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NYHET21 maj 2008

I prefer the Swedish fika

My favorite finding during my stay in Sweden most definitely is fika. I adore the concept that friends, co-workers, classmates, love-interests and family can get together and chat over coffee and delicious cookies or pastries

Back home, I drink coffee daily, but not in the leisure and comfort as I do here in Sweden, writes Erin Garity from USA.

My favorite finding during my stay in Sweden most definitely is fika! I adore the concept that friends, co-workers, classmates, love-interests, family, etc. can get together and chat over coffee (or tea) and delicious cookies and/or pastries. What is better than a coffee break full of sweets?

Back home, I drink coffee daily, but not in the leisure and comfort as I do here in Sweden. To sit and have coffee and pastries with friends in a cozy, coffee shop is a great feeling. I have trouble explaining this concept to my friends and family back home. They always respond with something along the lines of “So what, we have coffee shops here.” What they fail to understand is how fika fits into the Swedish lifestyle.

The Swedish language hosts the verb fikar which actually means to have coffee or tea. My Swedish language instructor has informed me that Sweden recently held the most coffee drinkers per capita worldly until the Finnish claimed the title. But, with past times like fika it is easy to see why Swedes drink so much coffee.

Looking back on my activities thus far, my Sundays would have remained empty without Sunday afternoon fika with my closest girl friends. No matter what happens Saturday night, I always find myself gossiping and relaxing with them Sunday afternoon over coffee.

Another way my friends and I have considered fika is more date-like. We collectively tease one another saying “I’m having fika with so-and-so, but it’s not a date, it is just fika.” Often times, fika is a chance to sit down and just casually converse alleviating the pressure of a full on dinner date. My American friends and I would consider fika with a love interest, in a comfortable, cozy atmosphere like a “pre-date”.

Back in the U.S., getting coffee is sometimes more of an every-day routine scheduled when convenient. Chains like Starbucks and Caribou are trendy fast-food like coffee joints. The food at chain coffee shops (like pastries and cookies) are pre-processed and packaged for mass sale. In other words, it is not fresh. In some places, a new trend is “drive-through” coffee. Driving in your car and ordering coffee takes all of the leisure that, in my opinion, goes along with going out to get coffee in the first place. Sure, you can still enjoy the coffee, but within your car.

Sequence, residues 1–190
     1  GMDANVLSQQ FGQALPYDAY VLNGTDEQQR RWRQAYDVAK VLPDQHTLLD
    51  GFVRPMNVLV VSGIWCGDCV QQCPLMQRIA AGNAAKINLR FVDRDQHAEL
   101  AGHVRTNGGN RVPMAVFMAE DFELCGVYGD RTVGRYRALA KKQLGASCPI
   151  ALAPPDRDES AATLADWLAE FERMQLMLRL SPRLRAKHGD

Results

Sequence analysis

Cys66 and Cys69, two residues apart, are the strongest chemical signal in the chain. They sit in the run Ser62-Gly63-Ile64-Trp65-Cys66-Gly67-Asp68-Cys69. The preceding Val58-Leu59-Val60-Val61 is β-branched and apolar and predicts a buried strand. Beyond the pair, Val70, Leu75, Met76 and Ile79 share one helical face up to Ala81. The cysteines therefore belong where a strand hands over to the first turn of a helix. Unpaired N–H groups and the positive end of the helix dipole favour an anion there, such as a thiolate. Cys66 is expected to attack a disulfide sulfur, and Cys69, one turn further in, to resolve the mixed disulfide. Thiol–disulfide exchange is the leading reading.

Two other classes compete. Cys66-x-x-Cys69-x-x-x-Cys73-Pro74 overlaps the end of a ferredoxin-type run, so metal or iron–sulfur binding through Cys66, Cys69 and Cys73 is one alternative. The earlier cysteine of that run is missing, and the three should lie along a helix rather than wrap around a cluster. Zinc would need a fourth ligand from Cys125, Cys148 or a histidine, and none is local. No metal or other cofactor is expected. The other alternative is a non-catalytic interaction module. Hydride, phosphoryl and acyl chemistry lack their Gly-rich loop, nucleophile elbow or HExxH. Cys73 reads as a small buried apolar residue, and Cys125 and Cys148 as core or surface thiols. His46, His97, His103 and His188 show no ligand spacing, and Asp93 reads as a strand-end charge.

I prefer the Swedish fika. Give me great company, a fresh cup of coffee and a home-made kanelbulle or a semla roll any day and I will be one-hundred percent satisfied and content.

Utbildning
Skriven avErin Garity
Kontakta Svenskt Näringsliv
Postadress: 114 82 Stockholm
Besöksadress: Storgatan 19
Telefon: 08-553 430 00

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Kontakta Svenskt Näringsliv
Postadress: 114 82 Stockholm
Besöksadress: Storgatan 19
Telefon: 08-553 430 00

Kontakta oss

Prenumerera på Nytt från Svenskt Näringsliv
Ta del av fler nyheter på fPlus
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fPlus ger dig koll på det senaste och fördjupning i allt som rör företagsamheten.
Kontakta Svenskt Näringsliv
Postadress: 114 82 Stockholm
Besöksadress: Storgatan 19
Telefon: 08-553 430 00

Kontakta oss

Ta del av fler nyheter på fPlus
fPlus logo
fPlus ger dig koll på det senaste och fördjupning i allt som rör företagsamheten.
Prenumerera på Nytt från Svenskt Näringsliv
Kontakta Svenskt Näringsliv
Postadress: 114 82 Stockholm
Besöksadress: Storgatan 19
Telefon: 08-553 430 00

Kontakta oss

Ta del av fler nyheter på fPlus
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